How to Start Building Your Writing Platform (The Very First Steps!)

Write like nobody’s watching…then make them watch!

As luminous writers, I always encourage you to write like nobody’s watching. But, if you’re writing to be published, sooner or later you need to find some readers.

How we deal with this contradiction is a BIG factor in our success as writers.

Think of it this way: our primary job as writers is to connect with readers. First, you need to find these readers and the way we do this is with a writing platform.

Without a platform, any writing you publish cannot reach its potential readership.

I can hear so many groans and see writers cringing at the thought of marketing themselves. But sooner or later you’ll have to start working on your self-promotion. Get comfortable with it now, before you absolutely have to do this work.

Even if you don’t plan to self-publish, most traditional publishers will take the quality of your platform into account—no matter how brilliant your manuscript is—when deciding whether to publish you. For self-publishing or small press, getting your platform-hustle on is the only way for you to sell books.

So, get ahead in the platform building. Start by knowing who you want to connect with and why you want to connect with them.

Three questions I ask writers when I help them prepare to build their platform are:

  1. Who does your message, genre, style most resonate with?
  2. What issues or challenges might your writing help them overcome? (This could be as simple as boredom and as complex as healing from trauma.)
  3. What are some characteristics of your potential readers? Are they curious? Do they have a hectic schedule? Are they aligned to a cause? Do they love cats?

If you don’t know the answer to these questions, it’s research time! Here is a research exercise that will help:

  • Think about what keywords someone might use to search for your writing.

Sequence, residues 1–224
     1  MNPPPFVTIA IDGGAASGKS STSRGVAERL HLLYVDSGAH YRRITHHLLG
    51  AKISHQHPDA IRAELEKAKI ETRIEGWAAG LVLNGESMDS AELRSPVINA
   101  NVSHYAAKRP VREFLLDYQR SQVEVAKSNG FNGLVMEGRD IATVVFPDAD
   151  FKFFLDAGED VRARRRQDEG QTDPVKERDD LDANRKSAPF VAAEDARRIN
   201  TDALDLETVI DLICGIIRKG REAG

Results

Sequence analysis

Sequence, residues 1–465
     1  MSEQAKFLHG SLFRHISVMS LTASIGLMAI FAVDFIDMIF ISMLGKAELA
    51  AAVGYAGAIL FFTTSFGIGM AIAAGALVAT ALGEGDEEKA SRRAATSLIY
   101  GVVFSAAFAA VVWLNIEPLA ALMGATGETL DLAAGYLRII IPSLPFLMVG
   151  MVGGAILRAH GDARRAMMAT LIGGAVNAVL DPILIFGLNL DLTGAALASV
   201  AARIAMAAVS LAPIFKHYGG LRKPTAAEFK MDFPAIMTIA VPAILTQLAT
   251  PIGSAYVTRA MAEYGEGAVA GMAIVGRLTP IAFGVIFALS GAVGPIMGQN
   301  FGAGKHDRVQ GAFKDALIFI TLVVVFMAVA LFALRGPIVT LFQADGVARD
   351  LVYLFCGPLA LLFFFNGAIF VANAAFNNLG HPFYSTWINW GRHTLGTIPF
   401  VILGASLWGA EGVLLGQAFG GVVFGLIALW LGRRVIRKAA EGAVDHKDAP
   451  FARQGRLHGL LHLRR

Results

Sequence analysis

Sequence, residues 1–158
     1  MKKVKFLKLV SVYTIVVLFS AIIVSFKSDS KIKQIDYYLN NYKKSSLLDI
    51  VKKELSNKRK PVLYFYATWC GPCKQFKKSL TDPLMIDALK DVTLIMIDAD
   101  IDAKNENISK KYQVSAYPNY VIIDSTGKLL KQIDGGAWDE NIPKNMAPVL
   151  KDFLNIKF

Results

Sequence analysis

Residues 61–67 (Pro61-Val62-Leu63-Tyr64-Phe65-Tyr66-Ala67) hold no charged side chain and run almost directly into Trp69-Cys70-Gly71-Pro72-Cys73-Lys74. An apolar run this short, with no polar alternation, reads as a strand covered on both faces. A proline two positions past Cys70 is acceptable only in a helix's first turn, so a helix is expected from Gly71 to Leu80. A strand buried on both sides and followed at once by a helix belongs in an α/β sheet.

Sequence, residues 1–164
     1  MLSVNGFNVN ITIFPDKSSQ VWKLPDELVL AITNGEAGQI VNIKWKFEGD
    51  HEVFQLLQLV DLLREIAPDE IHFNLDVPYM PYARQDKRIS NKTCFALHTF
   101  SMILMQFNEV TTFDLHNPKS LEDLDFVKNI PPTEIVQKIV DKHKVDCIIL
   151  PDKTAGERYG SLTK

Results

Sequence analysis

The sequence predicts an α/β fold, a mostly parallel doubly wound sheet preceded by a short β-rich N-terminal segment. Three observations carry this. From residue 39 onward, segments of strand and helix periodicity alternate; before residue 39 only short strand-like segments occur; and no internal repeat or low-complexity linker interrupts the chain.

• Search with those keywords until you find titles that seem aligned with your own writing.
  • Look at reviews of those books and do a little sleuthing for information about their readers.
  • Then go back to those three questions above.

If this research seems daunting right now, or premature because you don’t know what your writing is about yet, start it anyway!

You don’t want to have to later race up a self-promotion mountain. Start today so you can make this a slow gradual climb, with lots of rest and reflection.

Make a habit of incrementally thinking of your publication audience and showing up for them wherever they are—for example on social media and at live events (when those happen again).

When you know the answers to those three questions, build your platform for them

Every decision you make about promotion should consider what would resonate with your unique audience, based on what you know about your readers and how your writing will help them.

The best part is that you can do this and stay really grounded and true to you. Work at the intersection of your interests and those of your potential audience.

I know building a platform can sometimes get out of hand and feel SO BIG. You don’t need to show up across all social media or make yourself uncomfortable and overexposed.

Of course, as you build a platform, it’s important not to burn yourself out or lose sight of the most important part of being a writer—writing.

You might not even need social media to build your platform. But, you’re not off the hook because you will still need to build a platform—just in other, creative ways. (Like volunteering at a lit mag or for a writing festival.)

Every platform—literal and metaphorical—starts with a simple foundation. What small steps can you take up that marketing mountain today?


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If you wonder if your voice has a place in the world, struggle to find the time to write, or wonder what you need to do in order to publish your writing in journals, these articles and guides are for you.

Topics Covered: Writing Motivation, Getting Published, Writing Craft, Writing Values

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